Let’s break things down about engineered floors VS hardwood, so you can decide which one to install in your home confidently. Wooden floors are a brilliant investment that can improve the look of your home, increase its resale value and perform well for decades.
But, the two available types of wooden floors – engineered and hardwood confuse homeowners. The choice depends on several factors, including your project requirements, preferences, budget, etc.
Hardwood is made from genuine wood and made from various wood types, including oak, maple, walnut, etc. Engineered wood is a blend of genuine wood and plywood. Both look very similar and have excellent benefits? So, how to choose?
Let’s find out!
Which Is Better Hardwood Or Engineered For Floorings?
Solid hardwood flooring is superb in terms of lifespan and refinishing possibilities. It can last three times longer than engineered flooring and can be refinished several times during its lifespan.
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Engineered wood also has excellent benefits. It is resistant to warping and more versatile in terms of installation.
Other aspects, such as maintenance and look, are pretty similar. Both floors require similar care and look almost exactly alike.
Hardwood And Engineered Wood: Key Differences And Similarities
At a glance, solid wood and engineered wood floors are almost the same. But, a deeper analysis reveals differences in construction, lifespan and other aspects.
Engineered wood might be less expensive, but premium collections come in a similar price range as solid wood. Therefore, costs aren’t the determining factor.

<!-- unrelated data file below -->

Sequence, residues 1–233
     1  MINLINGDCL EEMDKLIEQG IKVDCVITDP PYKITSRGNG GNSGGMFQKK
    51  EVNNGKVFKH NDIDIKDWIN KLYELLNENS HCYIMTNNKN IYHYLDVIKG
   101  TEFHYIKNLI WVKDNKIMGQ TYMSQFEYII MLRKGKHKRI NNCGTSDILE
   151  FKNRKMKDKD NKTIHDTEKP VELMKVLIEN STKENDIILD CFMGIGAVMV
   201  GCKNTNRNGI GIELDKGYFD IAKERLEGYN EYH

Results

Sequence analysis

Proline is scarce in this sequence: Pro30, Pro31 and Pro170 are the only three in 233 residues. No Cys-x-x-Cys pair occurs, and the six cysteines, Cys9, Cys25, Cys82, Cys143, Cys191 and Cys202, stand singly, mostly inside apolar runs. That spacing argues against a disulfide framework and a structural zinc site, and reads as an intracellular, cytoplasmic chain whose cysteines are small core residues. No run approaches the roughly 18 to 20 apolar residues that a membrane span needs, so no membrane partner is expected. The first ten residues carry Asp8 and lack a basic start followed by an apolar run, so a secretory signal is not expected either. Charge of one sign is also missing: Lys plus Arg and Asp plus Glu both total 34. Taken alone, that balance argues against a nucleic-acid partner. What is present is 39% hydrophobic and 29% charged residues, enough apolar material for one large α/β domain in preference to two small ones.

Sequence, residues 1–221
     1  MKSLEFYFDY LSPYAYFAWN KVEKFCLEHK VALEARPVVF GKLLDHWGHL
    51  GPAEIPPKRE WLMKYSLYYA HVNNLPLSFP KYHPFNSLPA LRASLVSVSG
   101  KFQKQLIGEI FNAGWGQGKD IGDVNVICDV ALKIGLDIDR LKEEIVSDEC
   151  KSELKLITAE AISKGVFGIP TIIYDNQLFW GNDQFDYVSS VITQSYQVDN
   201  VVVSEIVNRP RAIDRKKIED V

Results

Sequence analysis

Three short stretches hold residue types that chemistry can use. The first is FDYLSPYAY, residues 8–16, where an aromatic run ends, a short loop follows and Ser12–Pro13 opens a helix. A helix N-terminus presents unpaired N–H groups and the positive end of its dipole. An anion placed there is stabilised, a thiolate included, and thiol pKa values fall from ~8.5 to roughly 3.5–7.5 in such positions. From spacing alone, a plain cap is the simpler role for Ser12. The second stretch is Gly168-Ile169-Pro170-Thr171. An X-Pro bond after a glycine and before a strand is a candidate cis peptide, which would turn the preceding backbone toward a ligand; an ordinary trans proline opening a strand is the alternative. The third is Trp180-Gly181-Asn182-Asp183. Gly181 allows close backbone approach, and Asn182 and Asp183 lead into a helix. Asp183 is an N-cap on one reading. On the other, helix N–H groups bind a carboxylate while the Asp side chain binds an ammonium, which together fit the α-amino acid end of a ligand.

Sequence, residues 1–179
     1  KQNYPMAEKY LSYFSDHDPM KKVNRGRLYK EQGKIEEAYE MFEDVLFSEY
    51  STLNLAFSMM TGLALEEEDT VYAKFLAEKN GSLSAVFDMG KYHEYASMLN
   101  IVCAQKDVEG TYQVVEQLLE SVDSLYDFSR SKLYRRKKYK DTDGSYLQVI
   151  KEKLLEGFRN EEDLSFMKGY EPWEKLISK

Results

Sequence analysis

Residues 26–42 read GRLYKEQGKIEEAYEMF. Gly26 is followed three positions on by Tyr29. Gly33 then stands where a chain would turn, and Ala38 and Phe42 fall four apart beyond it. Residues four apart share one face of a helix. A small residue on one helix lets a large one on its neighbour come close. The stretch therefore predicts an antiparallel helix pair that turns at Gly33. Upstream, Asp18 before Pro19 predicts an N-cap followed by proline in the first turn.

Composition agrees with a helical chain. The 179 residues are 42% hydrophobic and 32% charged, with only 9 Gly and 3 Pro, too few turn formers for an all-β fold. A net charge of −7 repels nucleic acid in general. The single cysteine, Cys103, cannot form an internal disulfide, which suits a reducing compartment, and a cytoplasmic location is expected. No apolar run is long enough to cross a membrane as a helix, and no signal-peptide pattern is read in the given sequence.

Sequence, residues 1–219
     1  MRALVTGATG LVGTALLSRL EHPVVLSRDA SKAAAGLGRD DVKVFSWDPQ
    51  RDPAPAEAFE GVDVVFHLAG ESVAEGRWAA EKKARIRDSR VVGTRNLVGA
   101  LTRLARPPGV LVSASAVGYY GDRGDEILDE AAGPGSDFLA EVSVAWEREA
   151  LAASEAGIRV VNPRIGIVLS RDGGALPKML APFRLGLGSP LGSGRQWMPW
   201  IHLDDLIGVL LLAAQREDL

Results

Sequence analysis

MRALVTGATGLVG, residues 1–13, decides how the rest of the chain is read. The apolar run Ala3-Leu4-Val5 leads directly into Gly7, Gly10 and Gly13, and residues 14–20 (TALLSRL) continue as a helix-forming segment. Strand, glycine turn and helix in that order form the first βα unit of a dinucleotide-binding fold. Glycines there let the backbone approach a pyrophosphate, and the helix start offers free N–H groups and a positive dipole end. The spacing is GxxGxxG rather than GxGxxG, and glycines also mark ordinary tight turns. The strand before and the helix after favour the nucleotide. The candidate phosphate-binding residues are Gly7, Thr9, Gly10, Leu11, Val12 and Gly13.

Keep reading to understand all differences and similarities between hardwood and engineered wood flooring.
Watch this video to know more:
Engineered Flooring and Hardwood Differences
Here are the most notable differences you need to know about when deciding which floors to get for your home – hardwood or engineered floors.
For starters, understand that both floorings come in planks ready for installation. But, the plank construction is the biggest difference.
One hardwood plank is made from a single piece of wood. Engineered wood features multiple plywood layers as a core, pressed in a specific pattern to ensure durability. Wood layers are on top and bottom.
Therefore, hardwood planks are stronger than engineered planks, because there aren’t layers. Also, this type of solid wood construction is stylish, preserves the natural look of wood and grains.
It is considered the gold standard in flooring. However, the multiple-layer construction in engineered wood floors has its benefits. Layers are less likely to react to an outer condition.
As I mentioned before, solid hardwood and engineered wood flooring come in planks. Solid hardwood comes in standard sizes:
- Thickness: 3/4 inch
- Width: 2 1/4 inch – 4 inch
- Length: Various, 12-84 inches
Engineered wood planks aren’t as thick as solid wood planks, and are shorter. Standard sizes are:
- Thickness: 3/8 to 9/16 inch
- Width: Up to 7 inches
- Length: 12 – 60 inches
So, plank size isn’t an important determining factor, it is more of a personal preference. If you prefer wider planks, choose engineered wood. Compared to engineered wood, hardwood boards are longer.
Because of the tight seams and long planks, the hardwood floors make the floor look more spacious. But, it isn’t the rule, and the choice comes down to you.
Wood floors require maintenance to restore their pleasant looks. But, there is one key difference between solid hardwood and engineered wood floors. You can sand and refinish solid hardwood floors multiple times, and keep their pleasant appearance.